Thursday, October 15, 2015

On our Bookshelf: October 2015


You've noticed haven't you? You've seen that I just barely make it back here to blog so much these days.

It kind of annoys me because I LOVE looking back on my posts and remembering our lives and the things the girls have said and done, the stuff we've done and places we've gone.

But the thing is, I just have so many books to read. This month I am doing something that I never usually do. As soon as I finished my book, I started reading it again, in the same night!

To be brutally honest, I never cry in books. Movies - all the time, I can even cry in advertising, but books not so much. Not this time.

My Grandma Sends her Regards and Apologises by Fredrik Backman.



Order it, from the shop, the library or your family for Christmas, because this is one that I won't be lending to my friends.

The story is based around seven year old Elsa and her wonderful Grandma. Grandma has lived a life that most of us can only dream of, a doctor who has travelled the world by going to disasters and helping people when no one else did/could. But in her older years, Elsa, her only grandchild, becomes her everything. How Grandma makes a world far away from the bullies and the annoying adults in Elsa's life is intertwined with a story of mystery, history, sadness and laughter.

This is the second book by Fredrik Backman, a swedish author, the first is also a best seller and currently on my list of 'want to read'.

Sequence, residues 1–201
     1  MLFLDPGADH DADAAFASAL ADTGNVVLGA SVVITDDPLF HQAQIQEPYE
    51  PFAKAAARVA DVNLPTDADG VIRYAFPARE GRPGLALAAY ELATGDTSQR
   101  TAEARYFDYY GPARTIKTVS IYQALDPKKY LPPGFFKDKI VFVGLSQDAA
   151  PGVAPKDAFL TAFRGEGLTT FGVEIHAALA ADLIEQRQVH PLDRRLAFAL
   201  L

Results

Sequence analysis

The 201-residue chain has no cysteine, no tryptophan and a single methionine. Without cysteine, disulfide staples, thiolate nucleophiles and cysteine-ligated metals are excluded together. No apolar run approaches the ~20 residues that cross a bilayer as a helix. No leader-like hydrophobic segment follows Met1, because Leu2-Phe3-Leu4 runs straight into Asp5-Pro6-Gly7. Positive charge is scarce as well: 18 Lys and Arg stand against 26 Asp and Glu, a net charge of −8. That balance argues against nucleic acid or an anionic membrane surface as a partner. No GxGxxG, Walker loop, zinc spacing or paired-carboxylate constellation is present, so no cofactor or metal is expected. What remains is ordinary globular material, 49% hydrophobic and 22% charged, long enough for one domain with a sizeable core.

For Big Kids


Ruby Redfort







These are not new, but Miss 9 has enjoyed getting stuck into a book with a bit more depth than her usual favourites (Weirdo, 65th Storey Treehouse, Roald Dahl).

Written by Lauren Child, if your young reader has been through Charlie and Lola, then onto Clarice Bean and is now looking for something a little more gritty, grab Ruby and try and solve the mystery as you go.

For younger school kids

An Aussie Year







Miss 6 spent last term studying all about culture, family trees and where people arrive in Australia from. We even went to the Immigration Museum and learnt about how and why people move to different countries.

At the same time,  I noticed the book 'An Aussie Year' by Tania McCartney. It's a busy book following the year of a few Australian kids. The images are colourful and each page has lots of things for young readers to scan through, to read the bits they know and guess the rest. These are the types of books that I always tell Miss 9 to read too, because I really don't like it when people leave picture books behind too early.

There is also A Scottish Year and An English Year. These books also take you through lots of the things that happen in these countries, from the eyes of a few different kids.




For all kids


The Boy who Loved the Moon



The last book that has been added to the book shelf is, The Boy who Loved the Moon, by Rino Alaimo.



This is more art than story. My kids didn't really fully understand the story line. They read it a few times and loved looking at the images. The author is an award winning artist and it's clear why this is the case. The images reflect a time of darkness (night) but it feels as though the images are lit with a real flame. This is a quality book, it would be a beautiful gift for new babies, or small kids who you want to give a lovely book to. If it was bigger and I wasn't filled with book ripping quilt, I would be pulling out the pages and framing them, adding them to the walls and shelves of our home.


There are always new books we want on our book shelves, what have you added to yours lately?






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